Most award winning in South Central PA

Gardening Tips: February

Main  /  Jan  /  Feb  /  Mar  /  Apr  /  May  /  Jun  /  Jul  /  Aug  /  Sep  /  Oct  /  Nov  /  Dec

This Month Banner_short_Feb


Pruning fruit trees:
February through March is an excellent time to prune fruit trees. The first thing to remember when pruning fruit trees are the three Ds: remove all dead, damaged and diseased wood. Most small fruit trees are pruned to encourage new growth for next year fruit while keeping trees short and stocky. This helps the tree to bear a fruit load without breaking branches. Flower buds that bloom and produce fruit were developed the previous summer. So regardless of what is cut off, potential fruit is being lost; this is however necessary to promote new growth to increase buds for next summer. Be sure to cleanup all wood cut from the trees so you do not promote the spread of diseases.

Most anti-desiccants only have a life of about 60 days so it might be important to reapply if the material was first applied in December. Wait for a day where the temperatures get above 40 degrees; this product needs to dry on not freeze on. Evergreens that are sprayed with these products are protected from moisture loss, even when the plant is exposed to harsh winter sun and winds.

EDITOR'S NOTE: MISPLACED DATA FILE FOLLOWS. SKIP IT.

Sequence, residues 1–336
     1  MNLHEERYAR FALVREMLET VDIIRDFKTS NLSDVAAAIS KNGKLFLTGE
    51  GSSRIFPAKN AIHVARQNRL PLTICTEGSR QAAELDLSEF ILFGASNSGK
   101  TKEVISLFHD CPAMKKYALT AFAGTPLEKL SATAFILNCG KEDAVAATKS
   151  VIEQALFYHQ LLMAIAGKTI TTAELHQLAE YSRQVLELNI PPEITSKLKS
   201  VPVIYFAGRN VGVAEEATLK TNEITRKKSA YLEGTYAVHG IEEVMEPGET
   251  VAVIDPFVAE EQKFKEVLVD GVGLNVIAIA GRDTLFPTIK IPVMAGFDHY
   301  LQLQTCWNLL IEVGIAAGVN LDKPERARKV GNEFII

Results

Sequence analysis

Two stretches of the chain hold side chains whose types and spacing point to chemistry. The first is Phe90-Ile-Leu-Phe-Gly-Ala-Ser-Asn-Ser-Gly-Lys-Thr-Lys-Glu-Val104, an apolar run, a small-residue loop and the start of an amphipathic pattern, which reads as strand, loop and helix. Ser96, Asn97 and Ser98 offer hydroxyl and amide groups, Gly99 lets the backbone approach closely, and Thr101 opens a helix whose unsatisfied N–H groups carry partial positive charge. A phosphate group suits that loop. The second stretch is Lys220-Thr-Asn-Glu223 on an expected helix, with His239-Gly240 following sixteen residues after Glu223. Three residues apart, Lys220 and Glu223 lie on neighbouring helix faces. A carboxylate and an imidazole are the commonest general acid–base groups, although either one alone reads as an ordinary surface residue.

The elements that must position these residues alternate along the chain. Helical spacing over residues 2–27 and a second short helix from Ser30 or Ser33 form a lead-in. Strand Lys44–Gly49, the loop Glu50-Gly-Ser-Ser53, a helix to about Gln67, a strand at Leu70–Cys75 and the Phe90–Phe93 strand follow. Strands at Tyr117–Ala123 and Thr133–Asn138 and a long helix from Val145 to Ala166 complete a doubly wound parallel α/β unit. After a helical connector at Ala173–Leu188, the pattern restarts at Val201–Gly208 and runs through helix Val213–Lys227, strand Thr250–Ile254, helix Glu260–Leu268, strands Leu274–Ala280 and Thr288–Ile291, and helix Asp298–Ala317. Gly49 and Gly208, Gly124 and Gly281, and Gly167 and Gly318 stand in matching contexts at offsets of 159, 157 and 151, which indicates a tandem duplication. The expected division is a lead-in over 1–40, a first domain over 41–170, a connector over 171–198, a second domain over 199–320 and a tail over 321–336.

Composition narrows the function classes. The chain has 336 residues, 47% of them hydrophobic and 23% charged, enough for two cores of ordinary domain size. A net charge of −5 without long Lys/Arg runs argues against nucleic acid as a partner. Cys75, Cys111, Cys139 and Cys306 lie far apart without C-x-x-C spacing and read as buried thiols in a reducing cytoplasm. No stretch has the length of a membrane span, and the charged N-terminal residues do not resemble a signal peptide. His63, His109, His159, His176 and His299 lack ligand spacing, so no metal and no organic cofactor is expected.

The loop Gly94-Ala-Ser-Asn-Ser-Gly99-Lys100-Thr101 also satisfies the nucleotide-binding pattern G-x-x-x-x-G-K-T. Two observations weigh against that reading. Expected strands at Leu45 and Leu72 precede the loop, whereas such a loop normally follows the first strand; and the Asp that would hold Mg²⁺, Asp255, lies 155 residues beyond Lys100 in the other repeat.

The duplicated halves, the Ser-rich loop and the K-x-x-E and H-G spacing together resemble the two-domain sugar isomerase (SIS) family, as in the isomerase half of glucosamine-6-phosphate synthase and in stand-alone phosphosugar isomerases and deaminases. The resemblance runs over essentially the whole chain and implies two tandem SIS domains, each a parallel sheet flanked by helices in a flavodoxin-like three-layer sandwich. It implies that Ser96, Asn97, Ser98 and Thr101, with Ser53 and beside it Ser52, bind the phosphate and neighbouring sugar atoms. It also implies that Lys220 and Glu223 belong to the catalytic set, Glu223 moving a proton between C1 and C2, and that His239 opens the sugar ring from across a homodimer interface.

Dormant oils:
Early February is a very good time to start thinking about controlling insects for the year. Again, pick a day when the temperatures are above 40 degrees and spray dormant oil in trees to smother eggs and larvae that are over wintering in the tree. This product can be used up until leaf bud starts to swell. After that, the lighter horticultural oils should be used.

Fertilize trees:
If you did not get time to fertilize your trees in the fall, this time of the year is still a great time to do so. Not all trees need fertilizer. Wait for at least one year after planting or transplanting a young tree, then spray every couple years until it is well established (around 10 years). The recommended fertilizer for this application is in the form of tree spikes, which are made by many manufacturers. These products are made just for trees and contain all the basic nutrients and micronutrients for the tree. There are also spikes made for acid-loving plants such as evergreens and hollies. This product is installed by inserting the spike in the ground at the drip line; follow package instructions for the number of spikes per caliper inch of trunk.